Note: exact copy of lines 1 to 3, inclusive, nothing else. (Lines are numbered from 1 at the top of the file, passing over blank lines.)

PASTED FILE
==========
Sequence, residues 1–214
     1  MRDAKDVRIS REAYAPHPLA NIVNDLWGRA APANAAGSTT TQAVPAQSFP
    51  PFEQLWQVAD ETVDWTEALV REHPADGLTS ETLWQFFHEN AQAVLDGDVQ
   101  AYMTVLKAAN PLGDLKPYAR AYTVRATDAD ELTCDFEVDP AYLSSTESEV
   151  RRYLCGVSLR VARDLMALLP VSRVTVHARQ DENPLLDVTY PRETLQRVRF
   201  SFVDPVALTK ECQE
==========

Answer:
Sequence, residues 1–214
     1  MRDAKDVRIS REAYAPHPLA NIVNDLWGRA APANAAGSTT TQAVPAQSFP
    51  PFEQLWQVAD ETVDWTEALV REHPADGLTS ETLWQFFHEN AQAVLDGDVQ